I kind of understand where the Earl of Southampton's mother was coming from, so many of the men in Shakespeare's circle were bisexual. Will there ever be grandchildren to carry on the name through the male line she must have asked herself. Anyway, he ended up in the tower of London. I read an article about prisoners of elite status in that place. It seems it wasn't all bad if one played their cards right. It was furnished somewhat like a bachelor pad. I bet they were even allowed visitors!
    Yes, the Earl of Essex also came to a sticky end, he was executed wasn't he?

    To imagine, the Dark Lady could have been left a bed if she had hung on in there.;-)))

    Yes, even innocent names can be turned around. A boy who lived a few houses away from where I lived in London had his surname of Dickinson shortened. Children can be very cruel. I preferred to be everyone's friend.

  26. Politics in these present days can be daunting enough sometimes, not matter who one votes for.

    I think the "thinking" part of physical labor worked for a lot of leaders. Churchill wrote that using a different part of your brain helped him a lot--hence painting and the bricks. I can hear him saying "We will fight the "Naz-zis" to the last brick!"

    Woody Allen once said being bisexual doubles your chances of getting a date on Saturday night. ;-) But I'll bet your theory is spot on. Have some children as soon as possible or lose the title! These were days were anybody could be healthy, then contract a "sweating sickness" and be dead in one day. No wonder she was concerned. And what an advocate she had in the sonnets of Shakespeare.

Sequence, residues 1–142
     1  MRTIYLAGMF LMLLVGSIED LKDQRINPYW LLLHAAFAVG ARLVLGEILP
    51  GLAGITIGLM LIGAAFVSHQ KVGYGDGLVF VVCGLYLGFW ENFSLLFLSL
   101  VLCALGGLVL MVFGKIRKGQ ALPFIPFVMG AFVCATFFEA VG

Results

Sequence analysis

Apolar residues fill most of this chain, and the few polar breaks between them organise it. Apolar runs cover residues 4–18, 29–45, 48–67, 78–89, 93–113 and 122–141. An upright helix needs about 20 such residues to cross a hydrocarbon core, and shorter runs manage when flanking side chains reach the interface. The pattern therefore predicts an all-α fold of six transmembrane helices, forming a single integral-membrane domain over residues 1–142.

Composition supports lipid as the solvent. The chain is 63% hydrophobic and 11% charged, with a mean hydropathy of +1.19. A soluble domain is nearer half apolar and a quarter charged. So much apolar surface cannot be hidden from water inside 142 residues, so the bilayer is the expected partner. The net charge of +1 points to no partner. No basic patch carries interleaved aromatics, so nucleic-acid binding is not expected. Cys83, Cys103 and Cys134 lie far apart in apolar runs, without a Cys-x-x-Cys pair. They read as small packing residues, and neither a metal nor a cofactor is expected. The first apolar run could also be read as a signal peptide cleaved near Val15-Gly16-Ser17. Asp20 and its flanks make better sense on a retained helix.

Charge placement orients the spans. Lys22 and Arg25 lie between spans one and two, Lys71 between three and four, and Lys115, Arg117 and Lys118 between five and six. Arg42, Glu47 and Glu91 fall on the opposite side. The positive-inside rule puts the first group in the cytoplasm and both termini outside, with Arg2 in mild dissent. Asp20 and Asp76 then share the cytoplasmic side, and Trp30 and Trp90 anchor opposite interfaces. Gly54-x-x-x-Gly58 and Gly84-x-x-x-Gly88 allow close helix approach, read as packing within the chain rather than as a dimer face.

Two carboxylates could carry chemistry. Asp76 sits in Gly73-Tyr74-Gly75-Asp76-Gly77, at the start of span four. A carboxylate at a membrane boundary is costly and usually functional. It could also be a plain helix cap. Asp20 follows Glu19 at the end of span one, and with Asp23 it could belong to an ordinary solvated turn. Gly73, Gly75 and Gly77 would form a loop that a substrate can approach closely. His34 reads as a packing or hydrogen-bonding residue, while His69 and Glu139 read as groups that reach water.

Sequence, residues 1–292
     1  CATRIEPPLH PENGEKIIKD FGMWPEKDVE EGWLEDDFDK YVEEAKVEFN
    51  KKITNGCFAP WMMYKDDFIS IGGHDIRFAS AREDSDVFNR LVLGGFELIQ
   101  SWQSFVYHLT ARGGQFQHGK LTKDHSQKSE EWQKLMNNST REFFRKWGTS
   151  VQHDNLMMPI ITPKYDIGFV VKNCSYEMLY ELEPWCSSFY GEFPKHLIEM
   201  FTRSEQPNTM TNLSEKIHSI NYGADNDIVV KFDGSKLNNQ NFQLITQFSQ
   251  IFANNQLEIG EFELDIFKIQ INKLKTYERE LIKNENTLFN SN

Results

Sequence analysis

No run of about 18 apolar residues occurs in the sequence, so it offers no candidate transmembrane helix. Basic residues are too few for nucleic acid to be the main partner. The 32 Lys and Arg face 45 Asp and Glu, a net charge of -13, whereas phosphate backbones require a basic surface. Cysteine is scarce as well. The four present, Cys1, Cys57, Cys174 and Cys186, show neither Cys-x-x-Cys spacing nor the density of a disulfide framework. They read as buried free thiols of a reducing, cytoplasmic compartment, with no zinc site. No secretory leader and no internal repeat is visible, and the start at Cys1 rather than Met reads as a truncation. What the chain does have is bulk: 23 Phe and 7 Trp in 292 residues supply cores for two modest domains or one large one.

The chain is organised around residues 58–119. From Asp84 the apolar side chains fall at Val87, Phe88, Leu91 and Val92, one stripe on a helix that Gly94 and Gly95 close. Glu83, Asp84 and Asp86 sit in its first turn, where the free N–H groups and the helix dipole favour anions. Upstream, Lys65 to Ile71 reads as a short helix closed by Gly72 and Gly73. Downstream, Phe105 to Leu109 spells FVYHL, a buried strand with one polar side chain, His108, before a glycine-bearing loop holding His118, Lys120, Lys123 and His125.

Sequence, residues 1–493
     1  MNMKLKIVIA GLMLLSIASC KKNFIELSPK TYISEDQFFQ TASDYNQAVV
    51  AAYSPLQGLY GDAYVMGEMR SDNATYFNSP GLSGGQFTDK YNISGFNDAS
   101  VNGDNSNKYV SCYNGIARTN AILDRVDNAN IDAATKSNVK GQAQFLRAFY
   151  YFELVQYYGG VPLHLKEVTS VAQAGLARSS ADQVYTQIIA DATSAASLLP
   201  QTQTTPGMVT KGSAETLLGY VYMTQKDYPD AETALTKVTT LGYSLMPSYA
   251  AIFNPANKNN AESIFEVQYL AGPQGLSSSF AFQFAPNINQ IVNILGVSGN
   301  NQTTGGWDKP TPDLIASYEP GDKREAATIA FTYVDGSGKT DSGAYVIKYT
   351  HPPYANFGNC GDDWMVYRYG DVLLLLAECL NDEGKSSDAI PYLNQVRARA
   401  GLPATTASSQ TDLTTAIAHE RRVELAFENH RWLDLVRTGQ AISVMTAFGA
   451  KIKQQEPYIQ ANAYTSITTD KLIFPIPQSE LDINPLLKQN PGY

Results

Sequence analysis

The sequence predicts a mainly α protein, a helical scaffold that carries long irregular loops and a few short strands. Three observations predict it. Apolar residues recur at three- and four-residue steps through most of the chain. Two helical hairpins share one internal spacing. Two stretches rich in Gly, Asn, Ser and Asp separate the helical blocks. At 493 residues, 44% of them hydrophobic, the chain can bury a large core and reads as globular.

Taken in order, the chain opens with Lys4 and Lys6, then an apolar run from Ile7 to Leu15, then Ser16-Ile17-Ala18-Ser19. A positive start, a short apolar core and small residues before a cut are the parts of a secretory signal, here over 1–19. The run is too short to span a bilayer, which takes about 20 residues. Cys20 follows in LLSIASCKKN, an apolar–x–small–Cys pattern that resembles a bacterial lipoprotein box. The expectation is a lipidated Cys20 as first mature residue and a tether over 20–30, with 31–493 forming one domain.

Yes, Southampton was spared being done in for his part in the Essex Rebellion of 1601, a very daffy event in my mind. The queen took pity on Southampton's because of his mother's pleas and his relative youth. (Essex wasn't so lucky.) I think there's a portrait somewhere of the young Earl in the Tower---with a cat. The surroundings looks like bachelor digs indeed! NO "hi-fi" record player or Frank Sinatra albums though.

    Yes, the Dark Lady could have scored "the third best bed!" in Will's will. Talk about regret!

    Good for you not to be catty as a schoolgirl. My record is not quite that good, and I'm pained by those one or two instances more than any bullying I got now and then from bigger kids.

    Getting through childhood can be hard enough and the temptation to pick out people somehow different or more awkward than others seems a trait of many youth.